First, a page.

In the first two decades of the 21st century, Wikswo's research has emphasized the development and application of micro- and nano-scale devices for instrumenting and controlling single cells. [19] In 2001 he founded the Vanderbilt Institute for Integrative Biosystems Research and Education (VIIBRE) to foster and enhance interdisciplinary research in the biophysical sciences and bioengineering at Vanderbilt. Wikswo refocused his research on systems biology, building microfabricated devices for measuring cellular properties and developing mathematical models of cellular signaling. He has designed organ-on-a-chip devices containing small populations of cells to fill the gaps between cell cultures and animals models, for use in pharmacology and toxicology. This work led to a second R&D 100 Award for the MultiWell MicroFormulator, which delivers and removes cell culture media to each of the 96 wells of a microwell plate for toxicology research.

Other positions[edit]

He also serves on the scientific advisory boards of Hypres Inc. and CardioMag Imaging Inc.[20]

Brief curriculum vitae[edit]


Year Award
1980–1982 Alfred P. Sloan Research Fellow
1984 IR-100 Award for Neuromagnetic Current Probe
1990 Fellow, American Physical Society
1999 Fellow, American Institute for Medical and Biological Engineering
2001 Fellow, American Heart Association
2005 Fellow, Biomedical Engineering Society
2006 Fellow, Heart Rhythm Society
2008 Fellow, IEEE
2017 R&D 100 Award for the MultiWell MicroFormulator


  1. ^ Wikswo JP Jr; Barach JP; Freeman JA (1980). "Magnetic field of a nerve impulse: First measurements". Science. 208 (4439): 53–55. Bibcode:1980Sci...208...53W. doi:10.1126/science.7361105. PMID 7361105.
  2. ^ Swinney KR, Wikswo JP Jr (1980). "A calculation of the magnetic field of a nerve action potential". Biophysical Journal. 32 (2): 719–732. Bibcode:1980BpJ....32..719S. doi:10.1016/S0006-3495(80)85012-0. PMC 1327234. PMID 7260298.
  3. ^ Roth BJ, Wikswo JP Jr (1985). "The magnetic field of a single axon: A comparison of theory and experiment". Biophysical Journal. 48 (1): 93–109. Bibcode:1985BpJ....48...93R. doi:10.1016/S0006-3495(85)83763-2. PMC 1329380. PMID 4016213.
  4. ^ Wikswo JP Jr; Barach JP (1982). "Possible sources of new information in the magnetocardiogram". Journal of Theoretical Biology. 95 (4): 721–729. doi:10.1016/0022-5193(82)90350-2. PMID 7109652.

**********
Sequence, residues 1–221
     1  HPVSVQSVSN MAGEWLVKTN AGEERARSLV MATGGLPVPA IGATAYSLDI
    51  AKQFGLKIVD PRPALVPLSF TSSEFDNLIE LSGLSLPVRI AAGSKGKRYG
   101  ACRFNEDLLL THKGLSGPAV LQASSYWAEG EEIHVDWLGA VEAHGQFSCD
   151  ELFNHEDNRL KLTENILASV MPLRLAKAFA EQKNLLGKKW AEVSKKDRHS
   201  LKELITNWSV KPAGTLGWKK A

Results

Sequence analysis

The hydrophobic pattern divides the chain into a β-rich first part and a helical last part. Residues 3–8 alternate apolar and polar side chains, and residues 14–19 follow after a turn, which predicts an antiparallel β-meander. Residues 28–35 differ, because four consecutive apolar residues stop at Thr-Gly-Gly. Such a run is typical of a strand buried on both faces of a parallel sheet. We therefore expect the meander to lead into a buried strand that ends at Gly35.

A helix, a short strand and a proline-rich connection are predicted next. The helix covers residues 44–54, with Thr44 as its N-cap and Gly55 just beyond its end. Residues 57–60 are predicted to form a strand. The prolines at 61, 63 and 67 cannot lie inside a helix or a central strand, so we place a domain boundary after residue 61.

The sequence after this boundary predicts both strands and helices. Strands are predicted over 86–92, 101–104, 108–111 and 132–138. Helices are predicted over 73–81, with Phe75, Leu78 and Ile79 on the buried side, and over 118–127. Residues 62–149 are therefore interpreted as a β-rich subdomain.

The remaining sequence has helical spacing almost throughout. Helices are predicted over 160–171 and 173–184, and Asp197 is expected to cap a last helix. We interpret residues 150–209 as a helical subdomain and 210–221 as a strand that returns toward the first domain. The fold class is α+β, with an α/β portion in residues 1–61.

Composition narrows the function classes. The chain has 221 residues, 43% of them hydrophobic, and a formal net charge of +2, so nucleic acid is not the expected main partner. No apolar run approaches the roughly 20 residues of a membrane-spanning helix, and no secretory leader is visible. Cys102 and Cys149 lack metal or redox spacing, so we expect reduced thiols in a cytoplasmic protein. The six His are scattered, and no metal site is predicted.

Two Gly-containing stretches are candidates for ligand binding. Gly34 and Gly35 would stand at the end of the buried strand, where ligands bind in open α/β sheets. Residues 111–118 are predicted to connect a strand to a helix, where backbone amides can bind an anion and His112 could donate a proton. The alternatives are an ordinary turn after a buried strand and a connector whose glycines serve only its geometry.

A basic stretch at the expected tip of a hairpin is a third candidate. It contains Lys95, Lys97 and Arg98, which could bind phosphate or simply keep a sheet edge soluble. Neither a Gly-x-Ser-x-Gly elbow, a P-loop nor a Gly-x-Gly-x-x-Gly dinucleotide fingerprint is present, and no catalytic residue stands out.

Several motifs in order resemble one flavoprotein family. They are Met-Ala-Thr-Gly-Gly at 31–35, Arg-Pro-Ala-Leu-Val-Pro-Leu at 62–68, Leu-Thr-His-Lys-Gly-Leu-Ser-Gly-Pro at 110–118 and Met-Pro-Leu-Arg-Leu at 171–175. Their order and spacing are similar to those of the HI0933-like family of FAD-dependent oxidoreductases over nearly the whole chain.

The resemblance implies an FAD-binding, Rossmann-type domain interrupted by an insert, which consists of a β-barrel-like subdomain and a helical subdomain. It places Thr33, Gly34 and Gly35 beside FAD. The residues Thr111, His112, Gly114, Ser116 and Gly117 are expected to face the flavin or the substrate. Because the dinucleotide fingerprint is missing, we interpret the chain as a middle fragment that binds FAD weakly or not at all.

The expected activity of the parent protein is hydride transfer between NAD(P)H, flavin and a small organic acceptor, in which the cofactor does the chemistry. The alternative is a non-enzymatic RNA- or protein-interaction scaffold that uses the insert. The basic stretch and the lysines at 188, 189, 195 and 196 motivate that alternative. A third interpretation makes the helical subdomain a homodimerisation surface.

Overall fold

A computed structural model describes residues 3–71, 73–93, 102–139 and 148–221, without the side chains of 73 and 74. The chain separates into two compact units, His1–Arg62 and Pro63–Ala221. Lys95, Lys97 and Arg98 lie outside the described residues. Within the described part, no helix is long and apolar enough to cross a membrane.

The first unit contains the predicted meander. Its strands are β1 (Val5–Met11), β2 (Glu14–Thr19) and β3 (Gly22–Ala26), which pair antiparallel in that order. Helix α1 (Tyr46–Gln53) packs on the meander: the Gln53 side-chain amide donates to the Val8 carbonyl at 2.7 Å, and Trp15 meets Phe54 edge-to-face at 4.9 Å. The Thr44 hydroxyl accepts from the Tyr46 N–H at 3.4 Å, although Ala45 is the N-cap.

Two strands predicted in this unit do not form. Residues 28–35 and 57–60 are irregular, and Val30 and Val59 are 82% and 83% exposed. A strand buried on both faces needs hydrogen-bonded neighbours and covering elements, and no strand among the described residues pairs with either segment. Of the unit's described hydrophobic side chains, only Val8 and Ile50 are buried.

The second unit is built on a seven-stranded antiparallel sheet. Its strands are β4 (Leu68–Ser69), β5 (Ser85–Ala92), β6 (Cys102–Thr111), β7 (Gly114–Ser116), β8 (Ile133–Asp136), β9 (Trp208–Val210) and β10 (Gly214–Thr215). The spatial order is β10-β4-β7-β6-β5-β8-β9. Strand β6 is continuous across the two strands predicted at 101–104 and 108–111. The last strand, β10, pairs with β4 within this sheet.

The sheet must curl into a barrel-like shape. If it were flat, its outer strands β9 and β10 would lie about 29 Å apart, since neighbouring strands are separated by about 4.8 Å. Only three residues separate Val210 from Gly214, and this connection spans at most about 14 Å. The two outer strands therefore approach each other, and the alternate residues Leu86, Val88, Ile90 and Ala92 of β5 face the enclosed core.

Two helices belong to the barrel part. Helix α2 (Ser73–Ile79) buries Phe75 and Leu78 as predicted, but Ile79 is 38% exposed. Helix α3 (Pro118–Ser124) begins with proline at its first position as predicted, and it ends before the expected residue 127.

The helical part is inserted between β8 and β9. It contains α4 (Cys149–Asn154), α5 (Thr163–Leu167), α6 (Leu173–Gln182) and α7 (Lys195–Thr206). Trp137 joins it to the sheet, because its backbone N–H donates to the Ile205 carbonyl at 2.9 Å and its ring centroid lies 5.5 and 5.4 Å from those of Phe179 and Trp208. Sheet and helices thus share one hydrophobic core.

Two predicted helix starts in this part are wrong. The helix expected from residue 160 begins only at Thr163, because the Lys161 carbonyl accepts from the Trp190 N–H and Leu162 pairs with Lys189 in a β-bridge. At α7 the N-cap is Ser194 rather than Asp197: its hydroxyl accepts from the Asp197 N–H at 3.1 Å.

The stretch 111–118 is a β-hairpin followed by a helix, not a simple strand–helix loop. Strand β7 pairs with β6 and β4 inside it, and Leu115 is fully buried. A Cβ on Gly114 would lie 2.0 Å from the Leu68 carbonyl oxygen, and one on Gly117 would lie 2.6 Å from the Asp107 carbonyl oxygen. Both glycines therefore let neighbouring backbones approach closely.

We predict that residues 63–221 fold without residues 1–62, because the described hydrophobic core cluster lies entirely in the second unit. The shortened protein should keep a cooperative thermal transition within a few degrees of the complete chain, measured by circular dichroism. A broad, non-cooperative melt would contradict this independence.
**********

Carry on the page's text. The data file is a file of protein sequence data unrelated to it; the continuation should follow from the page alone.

5. ^ Roth BJ, Wikswo JP Jr (1986). "Electrically-silent magnetic fields". Biophysical Journal. 50 (4): 739–745. Bibcode:1986BpJ....50..739R. doi:10.1016/S0006-3495(86)83513-5. PMC 1329851. PMID 3779008.
  6. ^ Roth BJ, Guo WQ, Wikswo JP Jr (1988). "The effects of spiral anisotropy on the electric potential and the magnetic field at the apex of the heart". Mathematical Biosciences. 88 (2): 191–221. doi:10.1016/0025-5564(88)90042-9.
  7. ^ Bajaj AK, Kopelman HA, ((Wikswo JP Jr)), Cassidy F, Woosley RL, Roden DM (1987). "Frequency- and orientation-dependent effects of mexiletine and quinidine on conduction in the intact dog heart". Circulation. 75 (5): 1065–1073. doi:10.1161/01.cir.75.5.1065. PMID 2436827.CS1 maint: Multiple names: authors list (link)
  8. ^ Wikswo JP Jr; Altemeier W; Balser JR; Kopelman HA; Wisialowski T; Roden DM (1991). "Virtual cathode effects during stimulation of cardiac muscle: Two-dimensional in vivo measurements". Circulation Research. 68 (2): 513–530. doi:10.1161/01.res.68.2.513. PMID 1991354.
  9. ^ Roth BJ, Wikswo JP Jr (1986). "A bi-domain model for the extracellular potential and magnetic field of cardiac tissue". IEEE Transactions on Biomedical Engineering. 33 (4): 467–469. doi:10.1109/TBME.1986.325804. PMID 3957401.
  10. ^ Sepulveda NG, Wikswo JP Jr (1987). "Electric and magnetic fields from two-dimensional anisotropic bisyncytia". Biophysical Journal. 51 (4): 557–568. Bibcode:1987BpJ....51..557S. doi:10.1016/S0006-3495(87)83381-7. PMC 1329928. PMID 3580484.
  11. ^ Sepulveda NG, Roth BJ, Wikswo JP Jr (1989). "Current injection into a two-dimensional anisotropic bidomain". Biophysical Journal. 55 (5): 987–999. Bibcode:1989BpJ....55..987S. doi:10.1016/S0006-3495(89)82897-8. PMC 1330535. PMID 2720084.
  12. ^ Roth BJ, Wikswo JP Jr (1994). "Electrical stimulation of cardiac tissue: A bidomain model with active membrane properties". IEEE Transactions on Biomedical Engineering. 41 (3): 232–240. doi:10.1109/10.284941. PMID 8045575.
  13. ^ Wikswo JP Jr; Lin S-F; Abbas RA (1995). "Virtual electrodes in cardiac tissue: A common mechanism for anodal and cathodal stimulation". Biophysical Journal. 69 (6): 2195–2210. Bibcode:1995BpJ....69.2195W. doi:10.1016/S0006-3495(95)80115-3. PMC 1236459. PMID 8599628.
  14. ^ Lin SF, Roth BJ, Wikswo JP Jr (1999). "Quatrefoil reentry in myocardium: An optical imaging study of the induction mechanism". Journal of Cardiovascular Electrophysiology. 10 (4): 574–586. doi:10.1111/j.1540-8167.1999.tb00715.x. PMID 10355700.
  15. ^ Staton DJ, Ma YP, Sepulveda NG, Wikswo JP (1991). "High-resolution magnetic mapping using a SQUID magnetometer array". IEEE Transactions on Magnetics. 27 (2): 3237–3240. Bibcode:1991ITM....27.3237S. doi:10.1109/20.133901.
  16. ^ Wikswo JP Jr (1995). "SQUID magnetometers for biomagnetism and non-destructive testing: Important questions and initial answers". IEEE Transactions on Applied Superconductivity. 5 (2): 74–120. Bibcode:1995ITAS....5...74W. doi:10.1109/77.402511.
  17. ^ Jenks WG, Sadeghi SS, Wikswo JP Jr (1997). "SQUIDs for non-destructive evaluation". Journal of Physics D: Applied Physics. 30 (3): 293–323. Bibcode:1997JPhD...30..293J. doi:10.1088/0022-3727/30/3/002.
  18. ^ Roth BJ, Sepulveda NG, Wikswo JP Jr (1989). "Using a magnetometer to image a two-dimensional current distribution". Journal of Applied Physics. 65 (1): 361–372. Bibcode:1989JAP....65..361R. doi:10.1063/1.342549.
  19. ^ Walker GM, Sai JG, Richmond A, Chung CY, Stremler MA, Wikswo JP (2005). "Effects of flow and diffusion on chemotaxis studies in a microfabricated gradient generator". Lab on a Chip. 5 (6): 611–618. doi:10.1039/b417245k. PMC 2665276. PMID 15915253.
  20. ^ "Executive Profile: John P. Wikswo Ph.D.", Bloomberg Businessweek, accessed 2014-01-21.

Further reading[edit]

External links[edit]